There are political parallels as well between the 1940s and today. Then as now, the nation was dealing with isolationism. In 1939 the U.S. was rebuilding after the Great Depression and the war in Europe seemed someone else’s problem. Roosevelt and others knew we could not remain isolated. We were providing the United Kingdom with arms and supplies. That all changed with the bombing of Pearl Harbor. Suddenly the U.S. could no longer ignore the global peril of the Axis powers.

What will be the climate change equivalent of Pearl Harbor? So far we are ignoring nature’s wake-up calls.

We have the technologies to solve the climate crisis, or the ability to develop them, but so far we lack political will. As elections approach, the most important action we can take is to vote in favor of climate actions.

Paul Roberts is retired and lives in Everett. His career spans over five decades in infrastructure, economics and environmental policy including advising Washington cities on climate change and past Chair of the Puget Sound Clean Air Agency Board of Directors.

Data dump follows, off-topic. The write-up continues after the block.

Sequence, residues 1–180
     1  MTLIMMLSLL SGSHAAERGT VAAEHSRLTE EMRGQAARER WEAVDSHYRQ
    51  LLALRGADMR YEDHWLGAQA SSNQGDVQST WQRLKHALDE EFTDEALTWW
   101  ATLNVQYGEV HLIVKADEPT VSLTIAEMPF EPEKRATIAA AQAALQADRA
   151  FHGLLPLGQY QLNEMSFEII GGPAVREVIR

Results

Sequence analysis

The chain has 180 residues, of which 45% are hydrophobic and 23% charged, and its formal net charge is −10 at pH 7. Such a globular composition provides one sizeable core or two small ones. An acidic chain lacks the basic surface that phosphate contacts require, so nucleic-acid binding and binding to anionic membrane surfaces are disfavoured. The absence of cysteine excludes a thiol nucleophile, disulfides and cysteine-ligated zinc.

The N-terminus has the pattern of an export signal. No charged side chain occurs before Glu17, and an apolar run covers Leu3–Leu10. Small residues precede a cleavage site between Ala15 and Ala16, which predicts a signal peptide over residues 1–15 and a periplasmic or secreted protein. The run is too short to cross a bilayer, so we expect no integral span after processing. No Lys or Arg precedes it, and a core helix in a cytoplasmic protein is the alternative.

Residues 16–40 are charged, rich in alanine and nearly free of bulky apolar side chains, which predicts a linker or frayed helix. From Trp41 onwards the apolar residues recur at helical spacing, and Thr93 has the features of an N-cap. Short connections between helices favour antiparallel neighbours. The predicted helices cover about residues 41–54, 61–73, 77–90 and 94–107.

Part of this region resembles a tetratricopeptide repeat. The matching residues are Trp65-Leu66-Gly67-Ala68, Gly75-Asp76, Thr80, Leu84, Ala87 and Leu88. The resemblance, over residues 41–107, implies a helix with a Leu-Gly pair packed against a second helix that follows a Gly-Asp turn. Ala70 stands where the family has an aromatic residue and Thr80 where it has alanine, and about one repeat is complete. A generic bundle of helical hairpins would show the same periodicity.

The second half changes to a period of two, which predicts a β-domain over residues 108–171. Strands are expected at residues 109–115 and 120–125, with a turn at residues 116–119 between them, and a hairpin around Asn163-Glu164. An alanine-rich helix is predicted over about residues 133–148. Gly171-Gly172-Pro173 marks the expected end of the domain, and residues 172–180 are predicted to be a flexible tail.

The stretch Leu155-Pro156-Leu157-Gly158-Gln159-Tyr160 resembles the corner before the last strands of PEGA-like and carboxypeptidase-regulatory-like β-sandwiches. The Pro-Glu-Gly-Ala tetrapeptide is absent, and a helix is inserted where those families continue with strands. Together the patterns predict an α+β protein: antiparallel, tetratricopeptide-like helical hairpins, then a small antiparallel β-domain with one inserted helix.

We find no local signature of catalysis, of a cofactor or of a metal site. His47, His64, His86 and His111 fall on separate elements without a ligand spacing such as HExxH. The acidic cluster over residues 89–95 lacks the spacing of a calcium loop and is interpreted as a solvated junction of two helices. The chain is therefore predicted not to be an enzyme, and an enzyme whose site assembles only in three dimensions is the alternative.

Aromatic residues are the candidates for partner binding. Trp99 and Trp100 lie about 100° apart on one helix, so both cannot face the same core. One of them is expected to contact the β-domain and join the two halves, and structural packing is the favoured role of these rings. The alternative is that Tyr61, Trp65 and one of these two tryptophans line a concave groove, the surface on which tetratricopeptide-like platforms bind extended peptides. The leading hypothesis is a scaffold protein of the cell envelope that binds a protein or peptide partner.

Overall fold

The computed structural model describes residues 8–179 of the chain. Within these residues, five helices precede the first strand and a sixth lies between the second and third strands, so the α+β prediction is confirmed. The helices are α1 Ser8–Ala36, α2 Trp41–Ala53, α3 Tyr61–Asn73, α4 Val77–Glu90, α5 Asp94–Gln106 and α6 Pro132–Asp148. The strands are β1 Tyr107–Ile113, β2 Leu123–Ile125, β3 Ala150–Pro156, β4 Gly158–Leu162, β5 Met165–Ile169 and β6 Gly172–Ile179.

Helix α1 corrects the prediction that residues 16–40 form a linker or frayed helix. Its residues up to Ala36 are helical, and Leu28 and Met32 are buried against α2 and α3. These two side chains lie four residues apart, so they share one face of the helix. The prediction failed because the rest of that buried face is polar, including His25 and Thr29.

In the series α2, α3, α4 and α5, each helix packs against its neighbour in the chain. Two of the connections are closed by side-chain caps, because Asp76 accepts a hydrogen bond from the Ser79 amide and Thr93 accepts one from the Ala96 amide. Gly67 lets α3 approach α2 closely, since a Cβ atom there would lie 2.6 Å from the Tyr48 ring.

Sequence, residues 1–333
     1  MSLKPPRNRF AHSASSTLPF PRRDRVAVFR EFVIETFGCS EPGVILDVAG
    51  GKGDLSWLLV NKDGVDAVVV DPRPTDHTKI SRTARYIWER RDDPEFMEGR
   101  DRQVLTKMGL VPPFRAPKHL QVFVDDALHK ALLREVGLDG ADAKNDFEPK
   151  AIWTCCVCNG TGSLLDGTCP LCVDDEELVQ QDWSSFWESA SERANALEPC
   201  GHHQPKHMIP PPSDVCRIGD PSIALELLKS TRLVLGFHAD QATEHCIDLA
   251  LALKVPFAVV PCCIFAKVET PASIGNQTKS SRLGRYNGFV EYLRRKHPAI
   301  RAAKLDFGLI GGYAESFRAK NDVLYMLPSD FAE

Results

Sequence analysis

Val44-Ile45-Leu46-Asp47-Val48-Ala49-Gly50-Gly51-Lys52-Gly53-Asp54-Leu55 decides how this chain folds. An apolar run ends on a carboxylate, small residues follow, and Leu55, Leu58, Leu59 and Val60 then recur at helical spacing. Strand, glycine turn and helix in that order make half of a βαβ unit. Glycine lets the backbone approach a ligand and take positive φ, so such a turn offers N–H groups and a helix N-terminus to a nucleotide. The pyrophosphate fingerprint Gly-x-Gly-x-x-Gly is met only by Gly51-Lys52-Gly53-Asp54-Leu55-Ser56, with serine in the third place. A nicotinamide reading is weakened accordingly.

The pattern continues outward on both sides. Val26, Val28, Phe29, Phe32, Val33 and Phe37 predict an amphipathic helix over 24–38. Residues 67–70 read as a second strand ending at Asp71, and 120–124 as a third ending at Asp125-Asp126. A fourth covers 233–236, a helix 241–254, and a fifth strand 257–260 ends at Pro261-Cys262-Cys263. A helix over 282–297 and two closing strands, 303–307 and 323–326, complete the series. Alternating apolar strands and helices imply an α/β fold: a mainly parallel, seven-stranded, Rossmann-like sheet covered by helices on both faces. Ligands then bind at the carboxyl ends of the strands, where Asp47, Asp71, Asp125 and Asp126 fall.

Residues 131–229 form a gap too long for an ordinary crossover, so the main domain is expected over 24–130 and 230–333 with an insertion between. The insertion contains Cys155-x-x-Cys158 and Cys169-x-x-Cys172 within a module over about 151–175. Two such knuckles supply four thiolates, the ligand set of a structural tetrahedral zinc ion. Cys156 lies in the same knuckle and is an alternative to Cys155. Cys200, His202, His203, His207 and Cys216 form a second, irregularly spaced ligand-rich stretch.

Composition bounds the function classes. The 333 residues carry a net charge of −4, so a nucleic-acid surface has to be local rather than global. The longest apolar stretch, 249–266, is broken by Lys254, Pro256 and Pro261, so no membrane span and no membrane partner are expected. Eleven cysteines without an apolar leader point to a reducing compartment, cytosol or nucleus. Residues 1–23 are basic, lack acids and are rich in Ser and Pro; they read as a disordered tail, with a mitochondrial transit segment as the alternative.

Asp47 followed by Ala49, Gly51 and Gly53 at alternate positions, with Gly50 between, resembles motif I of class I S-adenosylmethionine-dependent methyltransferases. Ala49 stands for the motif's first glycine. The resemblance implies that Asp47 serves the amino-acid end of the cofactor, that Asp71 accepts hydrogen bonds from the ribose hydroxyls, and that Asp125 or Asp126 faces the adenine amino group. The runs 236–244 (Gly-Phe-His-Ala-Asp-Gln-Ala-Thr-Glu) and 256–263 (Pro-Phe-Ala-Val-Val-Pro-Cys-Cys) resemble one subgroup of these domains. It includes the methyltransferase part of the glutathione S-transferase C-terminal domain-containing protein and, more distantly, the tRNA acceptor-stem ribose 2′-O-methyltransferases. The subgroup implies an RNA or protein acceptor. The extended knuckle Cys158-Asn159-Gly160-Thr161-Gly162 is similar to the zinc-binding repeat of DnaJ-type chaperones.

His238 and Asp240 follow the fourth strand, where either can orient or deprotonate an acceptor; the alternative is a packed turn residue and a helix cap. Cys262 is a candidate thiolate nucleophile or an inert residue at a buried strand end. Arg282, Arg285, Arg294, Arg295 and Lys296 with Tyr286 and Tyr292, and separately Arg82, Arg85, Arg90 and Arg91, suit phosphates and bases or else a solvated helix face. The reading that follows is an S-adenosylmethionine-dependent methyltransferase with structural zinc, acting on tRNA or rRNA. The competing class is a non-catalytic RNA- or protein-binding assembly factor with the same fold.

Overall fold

Eco-nomics

Eco-nomics is a series of articles exploring issues at the intersection of climate change and economics. Climate change (global warming) is caused by greenhouse gas emissions — carbon dioxide and methane chiefly — generated by human activities, primarily burning fossil fuels and agricultural practices. Global warming poses an existential threat to the planet. Successfully responding to this threat requires urgent actions — clear plans and actionable strategies — to rapidly reduce GHG emissions and adapt to climate-influenced events.

The Eco-nomics series, published regularly in The Herald, focuses on mitigation and adaptation strategies viewed through the twin perspectives of science and economics. Find links to the series at tinyurl.com/HeraldEco-nomics.